Not too long ago I wrote about how non-sense policies – built by banks who do not treat experience management as a discipline – can kill not only customer but also employee experiences. Here it is: Bank Policies – Killers for CX and EX.
Companies can also kill experiences way before the customer bumps into one of those non-sense policies. They can lose customers before even acquiring them, and without even knowing it. Some times in the most basic of interactions.
That is exactly what happened last week. I was looking around for mortgages and, after some online browsing, I decided to visit three banks – those that not only have a good brand, but are also known for having the best offerings.
The interaction with the first bank was formal and process-oriented. It focused on the information they needed for the “mortgage calculator” and risk assessment – How much is your annual income? How much is the house? How much do you want to borrow?
The interaction with the second bank was very friendly and customer-focused. They wanted to know the purpose of the buy and understand my needs – Is it a house for the family to live in? Are you investing to sell or rent? How urgent is it for you to buy it?
The third bank lost my business without even knowing. Without me having the opportunity to talk to anyone about a mortgage. Funnily enough, it was the bank that (according to reviews) has the best financial offers, with the lowest interest rates.
The story is simple. I went to the branch and rang the door (Covid-19 procedure requires doors closed and one person at a time). There was a man inside, who pretended he didn’t see me. I waited a few seconds, knocked on the door and waved.
Reluctantly he came to the door and shouted from the inside that it was lunch time, and I should come back one hour later. I smiled, walked back to the car, and drove away. Needless to say that I didn’t come back.
Despite the prospect of good financial conditions, I didn’t come back because…
- A person that doesn’t ask what my enquiry is about isn’t interested in helping me;
- A person that doesn’t open the door to talk to me doesn’t deserve my attention;
- A bank that is only open 9AM to 3PM isn’t necessarily thinking about my needs;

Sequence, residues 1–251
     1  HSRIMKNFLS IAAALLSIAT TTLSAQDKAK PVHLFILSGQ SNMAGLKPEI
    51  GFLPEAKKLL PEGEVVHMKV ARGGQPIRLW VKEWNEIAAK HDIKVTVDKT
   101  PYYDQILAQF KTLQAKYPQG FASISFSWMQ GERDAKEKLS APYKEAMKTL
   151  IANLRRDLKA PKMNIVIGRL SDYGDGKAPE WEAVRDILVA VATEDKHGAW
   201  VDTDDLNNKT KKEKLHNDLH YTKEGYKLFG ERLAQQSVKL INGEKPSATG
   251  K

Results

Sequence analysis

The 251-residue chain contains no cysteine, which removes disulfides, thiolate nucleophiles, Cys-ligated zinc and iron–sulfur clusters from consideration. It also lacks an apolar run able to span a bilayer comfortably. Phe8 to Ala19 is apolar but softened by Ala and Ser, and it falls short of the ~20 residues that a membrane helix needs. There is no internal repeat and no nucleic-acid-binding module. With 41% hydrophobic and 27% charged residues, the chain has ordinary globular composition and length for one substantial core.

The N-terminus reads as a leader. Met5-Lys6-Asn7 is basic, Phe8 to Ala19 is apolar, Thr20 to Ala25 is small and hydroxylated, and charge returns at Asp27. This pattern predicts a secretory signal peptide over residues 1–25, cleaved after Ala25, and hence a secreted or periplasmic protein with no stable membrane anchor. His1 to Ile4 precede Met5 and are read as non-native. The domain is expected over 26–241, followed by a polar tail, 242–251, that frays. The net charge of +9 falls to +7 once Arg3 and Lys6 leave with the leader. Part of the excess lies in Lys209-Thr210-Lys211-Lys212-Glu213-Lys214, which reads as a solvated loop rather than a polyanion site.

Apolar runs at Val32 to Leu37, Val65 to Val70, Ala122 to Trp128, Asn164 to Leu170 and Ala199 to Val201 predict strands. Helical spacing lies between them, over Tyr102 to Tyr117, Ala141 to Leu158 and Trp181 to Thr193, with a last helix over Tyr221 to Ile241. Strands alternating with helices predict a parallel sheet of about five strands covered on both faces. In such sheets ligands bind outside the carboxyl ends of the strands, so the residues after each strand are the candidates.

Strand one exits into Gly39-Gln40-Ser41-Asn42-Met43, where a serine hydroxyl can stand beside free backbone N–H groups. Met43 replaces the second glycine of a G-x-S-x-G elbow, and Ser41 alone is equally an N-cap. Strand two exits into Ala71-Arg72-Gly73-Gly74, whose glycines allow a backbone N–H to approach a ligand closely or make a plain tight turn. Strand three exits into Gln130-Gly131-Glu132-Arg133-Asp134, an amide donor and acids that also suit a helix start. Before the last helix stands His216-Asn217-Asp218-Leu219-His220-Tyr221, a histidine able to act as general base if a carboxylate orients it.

- A bank that closes at lunchtime is definitely not making it convenient to me.
This bank lost a customer that was looking for a product that would be very lucrative. And they have no idea they lost me, let alone why they lost me. Hence, even if they wanted, they could not do anything about it.
There is a strong chance they will continue losing customers due to this sort of interaction, consequently struggling to acquire new customers, despite efforts in customer acquisition activities (e.g. marketing campaigns, great financial offerings).
They are basically blind. Probably wondering why better products are not attracting new customers. Questioning themselves what can they do or change to grow. Scratching their heads to understand how they are going to deliver results.
To avoid this situation, all they had to do was simply…
- Acknowledge my presence, open the door and greet me;
- Ask me what I needed, and tell me they would be delighted to help;
- Inform that it was lunch time, and apologise for the inconvenience;
- Offer to schedule a time that would suit me best (on that or another day).
Post Script – I closed a deal with the second bank. A mortgage is a very important step in one’s life. And on those kinds of situations you want to deal with people that empathise with you, and that you feel will have your best interest at heart and mind.
Not coincidentally, the person in this bank had a card holder in his desk (see picture). For those who don’t know Portuguese, the side that faces the customer has the person’s name and says “You have got all my attention“, while the side that faces the person has two smiley faces meaning: “smile” and “listen“.